If you're game for this at-home hair lightening challenge, remember to use ahoney with high levels of hydrogen peroxide for best results and distilled water in the mixture. The minerals in tap or filtered water can negate the bleaching properties in the honey, so buy ye a jug of distilled aqua from the market.
Just follow these easy instructions and get your mane in full summer mode with a super sweet natural bleaching dye.
For example, 1/4 cup of honey requires 1 cup of distilled water. You are welcome to mix it in a bowl if that's all you have on hand, but a shake-it-up and pour bottle (like an old shampoo bottle) will be so much less messy than scooping the goop onto your head with your hand. If you're adding a teaspoon or two of cardamom (which also has bleaching properties), now is the time.
Leave the honey and water mixture alone for one hour at room temperature. Ktani's Hair Sense has done a round up of experiences and reports this creates optimal outcomes.
You can go for the all over application using a applicator bottle, or if you're feeling crafty, you can brush on honey highlights with a stiff makeup brush or a basting brush from your kitchen.
To keep the honey's hydrogen peroxide doing its bleaching thing, you have to keep your hair wet. A shower cap will work, but might get wonky if you have longer hair and the honey wants to slide around. Susie J at BlogHer shares that after many go 'rounds with honey highlights, she has found a shower cap to work best for containing the mess.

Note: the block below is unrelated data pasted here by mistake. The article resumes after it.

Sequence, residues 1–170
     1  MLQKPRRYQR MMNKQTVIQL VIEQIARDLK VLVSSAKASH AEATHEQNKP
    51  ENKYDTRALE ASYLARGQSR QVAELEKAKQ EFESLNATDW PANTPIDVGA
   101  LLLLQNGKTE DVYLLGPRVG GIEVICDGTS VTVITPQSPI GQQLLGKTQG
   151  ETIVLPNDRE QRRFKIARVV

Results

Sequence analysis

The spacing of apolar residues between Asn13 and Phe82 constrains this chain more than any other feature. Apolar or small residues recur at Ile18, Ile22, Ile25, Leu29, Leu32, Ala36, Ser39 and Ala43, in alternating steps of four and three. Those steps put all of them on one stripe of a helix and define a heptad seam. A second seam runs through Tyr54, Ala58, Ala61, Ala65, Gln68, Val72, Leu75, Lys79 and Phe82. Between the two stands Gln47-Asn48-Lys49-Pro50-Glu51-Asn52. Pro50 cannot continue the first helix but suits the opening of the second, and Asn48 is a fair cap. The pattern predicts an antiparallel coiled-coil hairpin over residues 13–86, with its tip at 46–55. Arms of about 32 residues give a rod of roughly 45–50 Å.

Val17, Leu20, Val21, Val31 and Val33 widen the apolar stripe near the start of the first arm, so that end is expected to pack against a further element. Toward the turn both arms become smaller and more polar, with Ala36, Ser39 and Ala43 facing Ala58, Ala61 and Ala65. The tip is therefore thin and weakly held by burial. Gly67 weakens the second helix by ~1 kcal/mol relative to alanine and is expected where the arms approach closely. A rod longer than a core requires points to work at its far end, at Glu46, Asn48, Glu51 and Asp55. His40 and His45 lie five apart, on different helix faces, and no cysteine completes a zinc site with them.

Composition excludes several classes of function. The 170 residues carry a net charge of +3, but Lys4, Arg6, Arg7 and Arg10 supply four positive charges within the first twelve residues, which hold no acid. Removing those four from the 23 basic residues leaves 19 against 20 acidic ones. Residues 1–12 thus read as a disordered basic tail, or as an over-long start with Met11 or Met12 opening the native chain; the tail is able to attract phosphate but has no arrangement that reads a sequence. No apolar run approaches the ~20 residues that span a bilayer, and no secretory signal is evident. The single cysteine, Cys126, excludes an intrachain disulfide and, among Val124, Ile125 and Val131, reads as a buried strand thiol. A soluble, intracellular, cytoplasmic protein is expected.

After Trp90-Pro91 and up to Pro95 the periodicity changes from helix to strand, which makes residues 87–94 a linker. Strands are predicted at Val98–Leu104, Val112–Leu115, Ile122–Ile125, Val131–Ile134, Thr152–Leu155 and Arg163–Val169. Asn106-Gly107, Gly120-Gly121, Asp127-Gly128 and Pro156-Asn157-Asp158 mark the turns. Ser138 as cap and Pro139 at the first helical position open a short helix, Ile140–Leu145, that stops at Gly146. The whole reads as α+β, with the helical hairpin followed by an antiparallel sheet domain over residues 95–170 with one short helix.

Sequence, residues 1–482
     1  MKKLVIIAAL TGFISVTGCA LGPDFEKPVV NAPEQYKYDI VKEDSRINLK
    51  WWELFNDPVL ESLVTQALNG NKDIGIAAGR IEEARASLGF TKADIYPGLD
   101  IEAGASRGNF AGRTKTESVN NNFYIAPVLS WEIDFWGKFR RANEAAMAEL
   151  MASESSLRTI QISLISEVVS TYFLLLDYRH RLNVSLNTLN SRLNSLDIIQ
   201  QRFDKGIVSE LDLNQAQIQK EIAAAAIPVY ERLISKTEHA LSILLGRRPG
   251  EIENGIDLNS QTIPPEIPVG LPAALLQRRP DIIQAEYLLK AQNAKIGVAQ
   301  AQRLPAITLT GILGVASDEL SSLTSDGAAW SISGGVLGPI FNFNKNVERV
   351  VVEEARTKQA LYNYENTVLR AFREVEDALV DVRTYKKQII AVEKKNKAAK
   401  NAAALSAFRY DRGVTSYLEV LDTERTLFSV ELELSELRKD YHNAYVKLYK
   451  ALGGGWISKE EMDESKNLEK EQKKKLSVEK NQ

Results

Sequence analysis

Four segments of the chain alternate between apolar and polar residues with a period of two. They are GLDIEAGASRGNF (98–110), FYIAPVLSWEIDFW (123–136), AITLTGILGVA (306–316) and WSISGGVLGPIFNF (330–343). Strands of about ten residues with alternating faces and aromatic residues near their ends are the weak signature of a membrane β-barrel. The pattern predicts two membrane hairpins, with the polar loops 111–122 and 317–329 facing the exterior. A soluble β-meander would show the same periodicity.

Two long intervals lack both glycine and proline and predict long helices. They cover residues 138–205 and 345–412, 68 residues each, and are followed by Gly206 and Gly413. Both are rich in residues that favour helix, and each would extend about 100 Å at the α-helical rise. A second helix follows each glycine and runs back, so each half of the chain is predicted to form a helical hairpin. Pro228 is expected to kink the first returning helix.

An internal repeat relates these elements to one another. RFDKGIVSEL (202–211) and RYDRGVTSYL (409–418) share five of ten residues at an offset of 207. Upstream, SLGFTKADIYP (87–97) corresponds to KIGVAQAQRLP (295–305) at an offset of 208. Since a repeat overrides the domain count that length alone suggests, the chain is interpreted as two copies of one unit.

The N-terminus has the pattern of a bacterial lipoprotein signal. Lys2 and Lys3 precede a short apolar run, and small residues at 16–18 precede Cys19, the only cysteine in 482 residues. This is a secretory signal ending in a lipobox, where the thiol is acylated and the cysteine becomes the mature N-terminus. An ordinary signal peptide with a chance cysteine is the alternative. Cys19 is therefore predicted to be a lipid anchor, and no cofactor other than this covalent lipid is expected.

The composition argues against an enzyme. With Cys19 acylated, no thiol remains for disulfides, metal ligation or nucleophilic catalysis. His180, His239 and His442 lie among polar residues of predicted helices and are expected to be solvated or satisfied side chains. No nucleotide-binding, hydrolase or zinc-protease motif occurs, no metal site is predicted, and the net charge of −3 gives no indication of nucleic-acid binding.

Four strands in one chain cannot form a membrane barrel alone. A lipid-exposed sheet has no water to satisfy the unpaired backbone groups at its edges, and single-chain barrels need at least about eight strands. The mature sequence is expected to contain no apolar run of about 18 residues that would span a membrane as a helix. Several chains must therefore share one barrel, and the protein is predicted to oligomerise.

Now you just get to hang around for an hour or more with your sweet self and let the honey develop. Don't use a hair dryer, it won't work. Don't sunbathe, like you would when using lemon to lighten hair.
Skip the shampoo and rinse the honey mix out with conditioner. If your hair feels weird, try an apple cider vinegar hair rinse to clear off any residue. The honey, a natural humectant, should make your hair feel super moisturized and lush, as it attracts and retains water molecules. You will also shine, shine, shine.
That's all it takes!
Repeat the process as often as you like. Unlike getting bleach highlights, this will be a soft, natural tonal shift and may take several times to get the look you want. This gradual change is great if you're uncertain about going lighter, and allows you control over the process. If you repeat it on a regular basis, you also get the benefit of having ultra soft hair. Just don't be surprised if your co-workers start subtly smelling your hair.
My mom was always telling me to put honey, lemons, and/or apple cider vinegar in my hair when I was a teenager.
Yeah the lemons and do you remember Sun-In?
How would that work for dark haired people?
You may have to reapply more than once. I would think black hair would be more difficult than brunette. I don't know if it said so above but if you try test a few strands first if possible.
That makes sense, thanks, I will!